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Why Are Men Getting Botox Injected Into Their Ball Sacks?

Because scrotums are gross, duh

Whether it’s lightening the color of their labias or opting for vaginal rejuvenation surgery, women have been putting their sex organs through hell to keep them looking just so for centuries. Men, meanwhile, have remained content for their junk to go on resembling saggy, hairy brains.

Surely, then, if you’re the type of middle-aged guy who expects your significant other’s genitalia to look like the 18-year-old porn star you’ve been fantasizing about, it’s only fair that you go get the wrinkles on your balls ironed out? I’m not talking about using an iron to get your scrotum looking like a naval shirt collar, of course — I’m referring to the fairly new trend of men getting botox injected to their sacks.

“Men are now having Botox — the neurotoxin drug that temporarily paralyses muscles — injected into their scrota,” reported the Independent in 2016. Appropriately labeled Scrotox, according to the same report, the effect is much the same as regular Botox — i.e., the removal of wrinkles — which lasts for about four months. “But as well as smoothing the skin, Dr. [John] Mesa explained that Scrotox allows the testicles to hang down further and appear bigger, which is another attraction for many men,” reports the Independent.

And the guys who get it done sure do seem to like the results! John Perez, one such man who decided to undergo the procedure to unwrinkle his balls and make them look bigger, went as far as telling GQ that he wished his doctor was less conservative with the amount of botox that was injected. “Next time I’d ask him to be a little more aggressive because I liked the results,” he said.

A lot of dudes on Reddit agree with Perez that smoother balls are better balls. “Oh, my God, those balls are as smooth as eggs. Yes, I’ll suck them,” writes one. There are detractors too, of course: Who is looking at balls and saying that is not smooth enough?” asks one, to which another responds: “The people selling the surgery.”

From a functional standpoint, it’s important to know that while the wrinkles on your face are not there for any functional reason other than signifying to the world that you’re getting one stop closer to considering your balls obsolete, the same isn’t true about the wrinkles on said balls. That’s according to Seth Cohen, a practicing urologist and professor of urology at NYU Langone Health, who claims that the wrinkles on your scrotum are there to protect you from injury and help your testicles safely produce sperm.

“During heavy activity such as bike riding, running or exercising, the scrotum is relaxing and contracting all the time, to keep the testicles protected from trauma,” Cohen told VICE reporter Grant Stoddard (who elected to have the surgery for his article — a better man/employee than I). “So if you relax the scrotum [with botox] the function of the cremasteric muscle is not working, then you’re putting your testicles at risk for trauma.” In other words, the desire to make the most aesthetically hideous organ of the male body appear slightly less hideous is basically cancelling millions of years of testicular-evolutionary development.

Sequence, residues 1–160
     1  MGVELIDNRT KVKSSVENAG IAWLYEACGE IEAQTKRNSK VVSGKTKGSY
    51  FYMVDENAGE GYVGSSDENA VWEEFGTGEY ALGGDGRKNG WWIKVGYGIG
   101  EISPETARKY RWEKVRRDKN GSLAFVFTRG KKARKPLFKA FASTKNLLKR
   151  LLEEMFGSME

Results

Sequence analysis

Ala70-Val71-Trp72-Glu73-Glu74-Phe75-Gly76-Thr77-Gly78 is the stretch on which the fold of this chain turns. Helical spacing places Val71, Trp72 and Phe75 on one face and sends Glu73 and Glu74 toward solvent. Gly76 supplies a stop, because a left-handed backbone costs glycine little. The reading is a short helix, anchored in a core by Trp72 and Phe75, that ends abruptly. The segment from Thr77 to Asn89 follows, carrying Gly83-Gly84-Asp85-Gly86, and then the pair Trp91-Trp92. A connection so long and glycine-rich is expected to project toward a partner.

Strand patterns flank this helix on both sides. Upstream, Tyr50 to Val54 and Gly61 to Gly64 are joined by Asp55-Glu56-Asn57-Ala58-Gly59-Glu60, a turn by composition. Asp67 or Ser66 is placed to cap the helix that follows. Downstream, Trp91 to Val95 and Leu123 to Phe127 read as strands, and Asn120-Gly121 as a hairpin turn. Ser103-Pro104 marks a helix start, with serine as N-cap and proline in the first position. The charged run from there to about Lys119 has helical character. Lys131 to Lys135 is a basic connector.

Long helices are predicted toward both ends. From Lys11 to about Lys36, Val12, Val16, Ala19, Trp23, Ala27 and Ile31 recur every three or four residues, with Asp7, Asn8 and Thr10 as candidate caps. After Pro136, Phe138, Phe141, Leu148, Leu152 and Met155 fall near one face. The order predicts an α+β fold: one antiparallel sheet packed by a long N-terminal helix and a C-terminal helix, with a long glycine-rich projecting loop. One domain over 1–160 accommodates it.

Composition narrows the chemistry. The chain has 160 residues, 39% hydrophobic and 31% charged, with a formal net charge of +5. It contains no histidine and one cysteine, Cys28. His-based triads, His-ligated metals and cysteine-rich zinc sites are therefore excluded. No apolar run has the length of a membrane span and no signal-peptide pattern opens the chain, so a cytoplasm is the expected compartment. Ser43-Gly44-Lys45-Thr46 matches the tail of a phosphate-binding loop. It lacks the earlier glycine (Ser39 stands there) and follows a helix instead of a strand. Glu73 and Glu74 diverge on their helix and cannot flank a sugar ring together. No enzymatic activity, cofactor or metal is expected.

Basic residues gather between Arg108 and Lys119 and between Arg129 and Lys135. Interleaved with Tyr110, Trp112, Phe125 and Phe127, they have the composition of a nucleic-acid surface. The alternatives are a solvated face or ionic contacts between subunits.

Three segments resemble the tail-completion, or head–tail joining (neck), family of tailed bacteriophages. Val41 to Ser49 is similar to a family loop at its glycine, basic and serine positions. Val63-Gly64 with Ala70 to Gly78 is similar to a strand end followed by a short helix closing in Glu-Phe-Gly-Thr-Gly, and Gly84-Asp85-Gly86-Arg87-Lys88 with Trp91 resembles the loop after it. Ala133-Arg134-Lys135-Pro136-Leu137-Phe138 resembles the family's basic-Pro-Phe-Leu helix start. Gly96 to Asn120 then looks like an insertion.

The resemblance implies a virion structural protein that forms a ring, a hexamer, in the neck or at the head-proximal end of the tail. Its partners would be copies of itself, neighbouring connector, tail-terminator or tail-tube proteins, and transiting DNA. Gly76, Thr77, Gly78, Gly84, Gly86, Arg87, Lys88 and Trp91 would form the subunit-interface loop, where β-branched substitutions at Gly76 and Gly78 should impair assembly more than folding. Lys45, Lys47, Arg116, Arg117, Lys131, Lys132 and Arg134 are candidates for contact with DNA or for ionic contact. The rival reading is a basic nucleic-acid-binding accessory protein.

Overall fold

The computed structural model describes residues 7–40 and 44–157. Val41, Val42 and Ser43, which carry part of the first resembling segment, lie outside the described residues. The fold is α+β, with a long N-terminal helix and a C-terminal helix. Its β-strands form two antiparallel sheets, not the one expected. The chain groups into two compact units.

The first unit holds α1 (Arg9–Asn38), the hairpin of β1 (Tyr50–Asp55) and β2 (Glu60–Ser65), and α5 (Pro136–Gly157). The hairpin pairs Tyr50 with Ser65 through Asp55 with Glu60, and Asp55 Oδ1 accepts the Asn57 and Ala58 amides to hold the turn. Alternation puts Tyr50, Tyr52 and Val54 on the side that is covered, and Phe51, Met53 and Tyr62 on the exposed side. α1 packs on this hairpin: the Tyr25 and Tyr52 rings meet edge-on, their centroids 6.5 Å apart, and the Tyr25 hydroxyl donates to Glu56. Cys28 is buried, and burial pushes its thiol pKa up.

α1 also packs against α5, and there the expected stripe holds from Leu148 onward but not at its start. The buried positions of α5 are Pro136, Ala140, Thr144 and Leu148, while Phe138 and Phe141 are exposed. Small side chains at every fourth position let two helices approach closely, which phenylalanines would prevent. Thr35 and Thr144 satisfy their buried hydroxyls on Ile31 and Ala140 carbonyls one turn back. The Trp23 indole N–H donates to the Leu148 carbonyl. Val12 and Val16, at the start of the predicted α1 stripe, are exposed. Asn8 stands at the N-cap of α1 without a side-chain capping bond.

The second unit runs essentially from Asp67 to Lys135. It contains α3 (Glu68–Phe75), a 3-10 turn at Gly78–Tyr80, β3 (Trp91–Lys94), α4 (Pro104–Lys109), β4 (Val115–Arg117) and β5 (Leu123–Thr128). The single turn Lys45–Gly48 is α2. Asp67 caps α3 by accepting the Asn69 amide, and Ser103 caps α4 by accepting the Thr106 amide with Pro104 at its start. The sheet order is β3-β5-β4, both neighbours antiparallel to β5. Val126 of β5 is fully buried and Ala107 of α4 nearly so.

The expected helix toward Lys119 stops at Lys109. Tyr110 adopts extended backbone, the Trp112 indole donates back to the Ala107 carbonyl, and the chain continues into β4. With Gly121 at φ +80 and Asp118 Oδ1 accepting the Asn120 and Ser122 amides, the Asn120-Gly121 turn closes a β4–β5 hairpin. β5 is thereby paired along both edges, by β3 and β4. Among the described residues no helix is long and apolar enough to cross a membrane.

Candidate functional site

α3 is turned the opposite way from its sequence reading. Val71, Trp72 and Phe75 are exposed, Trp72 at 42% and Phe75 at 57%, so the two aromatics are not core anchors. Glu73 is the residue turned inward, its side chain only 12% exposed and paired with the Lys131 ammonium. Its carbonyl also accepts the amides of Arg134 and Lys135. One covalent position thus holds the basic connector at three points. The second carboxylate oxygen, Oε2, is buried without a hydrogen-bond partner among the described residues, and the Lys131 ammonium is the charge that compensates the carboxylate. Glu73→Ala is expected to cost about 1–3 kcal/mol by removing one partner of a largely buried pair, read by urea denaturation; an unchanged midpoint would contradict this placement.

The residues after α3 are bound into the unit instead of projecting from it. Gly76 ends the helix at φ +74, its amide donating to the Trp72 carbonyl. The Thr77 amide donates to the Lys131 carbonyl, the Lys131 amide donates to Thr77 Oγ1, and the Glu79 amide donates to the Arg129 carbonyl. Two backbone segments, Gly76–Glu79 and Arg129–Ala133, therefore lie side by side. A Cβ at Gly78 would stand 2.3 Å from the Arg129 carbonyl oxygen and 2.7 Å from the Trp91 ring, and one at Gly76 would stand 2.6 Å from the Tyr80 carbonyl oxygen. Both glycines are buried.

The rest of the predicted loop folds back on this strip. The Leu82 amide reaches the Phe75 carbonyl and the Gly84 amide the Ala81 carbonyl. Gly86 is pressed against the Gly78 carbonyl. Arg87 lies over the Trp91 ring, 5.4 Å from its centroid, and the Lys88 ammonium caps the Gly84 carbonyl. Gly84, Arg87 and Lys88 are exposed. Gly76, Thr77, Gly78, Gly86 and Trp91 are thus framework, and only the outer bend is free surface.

For that reason, certified urologist Jamin Brahmbhatt tells me he thinks the FDA unapproved procedure is “insane,” but adds that in his opinion, the only real risk is the potential for a reaction that causes the body to absorb the botox. “It’s extremely unlikely, but if it does happen, it can cause weakness throughout the body, trouble breathing, trouble swallowing or trouble talking,” he explains.

So is the procedure painful? Not according to Gotham Plastic Surgery surgeon Douglas S. Steinbrech, who told Metro in 2017 that the procedure — which costs anywhere from $500 to $800 — takes approximately four minutes, while the Botox itself takes two to seven days to work its magic. It’s possible, then, that the relative low cost of this ostensibly not-too-painful process explains why men in their 20s, 30s, 40s and 50s have all opted to straighten their sacks out.

But even if men are choosing to inject neurotoxic protein into their ball skin, do women even prefer smooth balls in the first place? “From a gynecologist’s point-of-view, female pleasure during sexual activity is generally from anything that enhances clitoral stimulation. Having a stretched-out scrotum does not enhance clitoral stimulation,” Lauren Streicher, associate clinical professor of obstetrics and gynecology at the Feinberg School of Medicine at Northwestern University, told Health.com.“That said, if the guy with the stretched-out scrotum is holding a nice vibrator… then maybe we’ve got something.”

A female friend of Stoddard agrees. “There’s something to be said for being slapped in the cunt by free-swinging balls,” she told him. “There’s the sheer impact, which is nice, but it also delivers a skin-on-skin feeling that you lose with condoms.”

So there you have it, guys. If you have to use a condom but you’re worried that doing so is going to jeopardize the quality of your significant other’s sexual pleasure, be a good ally and go get your balls unruffled.